Silvia Büchi: Staying healthy in migration
PhD-project, Swiss TPH, University of Basel (2005-)
This PhD project aims at a better understanding of health and health promotion in the context of international migration. Inspired by Antonovsky’s salutogenic approach,the project asks what helps migrants to stay healthy in migration.
Research on migration and health is predominantly disease and illness oriented. In the last twenty years, a growing number of epidemiological as well as social science studies describing risk factors and health problems have been published. Few researchers studied health and wellbeing of migrant people, despite a growing demand for changing research perspectives since the 1992 WHO-Conference "Migration and Health".
The PhD project contributes to this emerging field by providing insights from a qualitative research study on migrant’s experiences of health in Switzerland and looking at health promotion in the context of transnational migration.
A participatory qualitative research study has been carried out to investigate how migrants from Africa living in Switzerland define health and what they are doing to stay healthy. A mixed African-Swiss research team explored health concepts and daily activities of resilient African women and men living in Zurich and Basel through in-depth interviews and participant observation. Based on these case studies, research instruments for a participatory rapid assessment were developed and tested in group discussions.
The study is situated in the tradition of a small strand of research that is inspired by Antonovsky’s salutogenic approach, but uses a qualitative methodology to develop the categories of health, well-being and resources from the point of view of the people themselves. It expands the original approach of Antonovsky by considering the subjective and social construction of health. The research project had been carried out in the context of a research program of the Swiss Federal Office of Public Health (Strategy Migration and Health 2002-2007).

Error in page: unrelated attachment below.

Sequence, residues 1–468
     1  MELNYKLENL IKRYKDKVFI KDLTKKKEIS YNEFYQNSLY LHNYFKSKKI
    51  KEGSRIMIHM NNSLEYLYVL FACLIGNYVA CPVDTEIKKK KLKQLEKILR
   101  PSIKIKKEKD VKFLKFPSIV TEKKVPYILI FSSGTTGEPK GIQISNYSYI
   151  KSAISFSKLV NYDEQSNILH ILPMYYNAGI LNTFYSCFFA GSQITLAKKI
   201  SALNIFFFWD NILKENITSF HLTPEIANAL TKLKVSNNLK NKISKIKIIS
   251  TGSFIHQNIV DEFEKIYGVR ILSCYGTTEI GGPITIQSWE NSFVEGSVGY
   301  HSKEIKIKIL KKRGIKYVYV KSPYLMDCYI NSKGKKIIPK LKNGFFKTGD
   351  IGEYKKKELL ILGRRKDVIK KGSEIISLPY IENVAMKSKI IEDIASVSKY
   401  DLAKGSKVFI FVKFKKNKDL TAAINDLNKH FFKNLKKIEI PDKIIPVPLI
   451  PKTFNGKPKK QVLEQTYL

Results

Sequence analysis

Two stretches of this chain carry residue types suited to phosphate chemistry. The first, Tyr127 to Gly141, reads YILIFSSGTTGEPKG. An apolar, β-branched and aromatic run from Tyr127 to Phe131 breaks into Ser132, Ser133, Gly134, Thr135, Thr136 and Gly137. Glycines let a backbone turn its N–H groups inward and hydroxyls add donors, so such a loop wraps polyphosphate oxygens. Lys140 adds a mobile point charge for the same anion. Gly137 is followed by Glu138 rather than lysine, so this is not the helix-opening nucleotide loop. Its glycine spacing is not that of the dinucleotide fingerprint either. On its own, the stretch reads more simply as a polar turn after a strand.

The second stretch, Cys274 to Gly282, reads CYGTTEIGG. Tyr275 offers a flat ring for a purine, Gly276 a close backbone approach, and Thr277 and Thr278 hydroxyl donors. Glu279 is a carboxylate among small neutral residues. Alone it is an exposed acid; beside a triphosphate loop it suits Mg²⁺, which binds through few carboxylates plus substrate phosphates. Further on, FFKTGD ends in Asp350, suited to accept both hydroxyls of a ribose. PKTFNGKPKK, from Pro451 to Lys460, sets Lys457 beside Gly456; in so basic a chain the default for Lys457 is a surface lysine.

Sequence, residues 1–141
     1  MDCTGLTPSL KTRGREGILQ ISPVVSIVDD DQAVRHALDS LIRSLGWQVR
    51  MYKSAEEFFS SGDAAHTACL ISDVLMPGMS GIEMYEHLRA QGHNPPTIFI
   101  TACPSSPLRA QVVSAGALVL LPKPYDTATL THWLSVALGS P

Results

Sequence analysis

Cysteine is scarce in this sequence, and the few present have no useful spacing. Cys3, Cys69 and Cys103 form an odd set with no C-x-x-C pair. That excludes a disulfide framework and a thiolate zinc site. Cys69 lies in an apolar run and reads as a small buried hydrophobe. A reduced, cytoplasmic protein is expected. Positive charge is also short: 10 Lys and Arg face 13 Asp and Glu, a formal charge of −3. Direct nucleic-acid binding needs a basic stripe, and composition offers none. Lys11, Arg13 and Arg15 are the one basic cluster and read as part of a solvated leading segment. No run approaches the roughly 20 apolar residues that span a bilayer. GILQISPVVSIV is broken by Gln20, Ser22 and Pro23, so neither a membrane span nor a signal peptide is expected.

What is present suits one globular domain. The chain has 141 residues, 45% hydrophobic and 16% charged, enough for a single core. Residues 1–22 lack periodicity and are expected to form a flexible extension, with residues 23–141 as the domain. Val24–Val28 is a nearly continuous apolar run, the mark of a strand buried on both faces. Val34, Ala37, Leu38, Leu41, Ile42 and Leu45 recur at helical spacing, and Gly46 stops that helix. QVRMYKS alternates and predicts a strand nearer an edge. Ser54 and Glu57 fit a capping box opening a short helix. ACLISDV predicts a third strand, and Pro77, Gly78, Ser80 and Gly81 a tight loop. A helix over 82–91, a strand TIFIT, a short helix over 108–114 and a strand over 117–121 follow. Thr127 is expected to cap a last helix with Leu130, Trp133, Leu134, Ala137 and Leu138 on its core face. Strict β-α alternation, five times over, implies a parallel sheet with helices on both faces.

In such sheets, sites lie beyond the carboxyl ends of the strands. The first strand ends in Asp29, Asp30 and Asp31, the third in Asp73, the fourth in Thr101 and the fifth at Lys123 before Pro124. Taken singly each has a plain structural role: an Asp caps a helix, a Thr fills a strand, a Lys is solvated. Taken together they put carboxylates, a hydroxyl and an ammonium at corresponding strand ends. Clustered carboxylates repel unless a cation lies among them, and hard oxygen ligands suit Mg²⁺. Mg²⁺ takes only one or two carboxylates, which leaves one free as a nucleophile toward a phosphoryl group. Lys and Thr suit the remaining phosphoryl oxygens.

Currently, actual trends in Swiss health promotion in the context of transnational migration are investigated.
Knowing more about migrant’s experiences of health and resources mobilised in daily activities helps to understand migrant’s needs as well as potentials for maintaining health in the situation of migration. These insigths as well as an understanding of actual debates and trends in Swiss health promotion migth contribute the developement of adequate future health promotion and prevention policies and activities in the context of transnational migration.
Supervisors: Prof. Dr. Brigit Obrist, Prof. Dr. Marcel Tanner
Funding: 2004 – 2006 from the Federal Office of Public Health (FOPH), Strategy Migration and Health 2002-2007; private funds
Silvia Büchi und Brigit Obrist van Eeuwijk. 2006. Gesundsein in der Migration. In: Forschung Migration und Gesundheit. Im Rahmen der Bundesstrategie „Migration und Gesundheit 2002 – 2007“. Bern: Bundesamt für Gesundheit
Brigit Obrist und Silvia Büchi. 2008. Stress as an idiom for resilience: health and migration among Sub-Saharan Africans in Switzerland, in: Anthropology & Medicine, 15:3, 251-261.
Silvia Büchi. 2008. Religion, eine Gesundheitsressource in der Migration? In: Schweizerische Zeitschrift für Religions- und Kulturgeschichte 102 (2008), 261-286.
Silvia Büchi und Martina Koch. (2013, in press). Stress mit der Gesundheit. Gesundsein in der Migration zwischen zwischen gesellschaftlich verlangter und verunmöglichter Gesundheit. In: Passagen (Hrsg.) Vielfältig alltäglich: Migration und Geschlecht in der Schweiz. Zürich: Seismo
Brigit Obrist und Silvia Büchi. 2006. Gesundsein in der Migration. Forschungs-Schlussbericht zuhanden des Bundesamtes für Gesundheit. Projekt 03.001545/2.24.02-232.
Key words: migration, health, resilience, salutogenesis, protective factors, health promotion, health concepts, Switzerland